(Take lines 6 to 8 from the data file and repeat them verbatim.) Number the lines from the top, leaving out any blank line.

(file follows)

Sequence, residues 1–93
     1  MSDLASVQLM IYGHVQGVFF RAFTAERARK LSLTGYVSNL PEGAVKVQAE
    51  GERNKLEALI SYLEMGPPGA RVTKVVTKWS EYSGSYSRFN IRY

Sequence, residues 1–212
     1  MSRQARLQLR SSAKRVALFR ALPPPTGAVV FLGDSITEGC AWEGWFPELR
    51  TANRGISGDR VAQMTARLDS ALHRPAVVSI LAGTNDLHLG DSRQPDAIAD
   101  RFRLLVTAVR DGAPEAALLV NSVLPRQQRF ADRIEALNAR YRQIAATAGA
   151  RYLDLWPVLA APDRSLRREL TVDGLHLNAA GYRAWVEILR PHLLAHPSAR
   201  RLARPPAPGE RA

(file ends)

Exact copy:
    51  TANRGISGDR VAQMTARLDS ALHRPAVVSI LAGTNDLHLG DSRQPDAIAD
   101  RFRLLVTAVR DGAPEAALLV NSVLPRQQRF ADRIEALNAR YRQIAATAGA
   151  RYLDLWPVLA APDRSLRREL TVDGLHLNAA GYRAWVEILR PHLLAHPSAR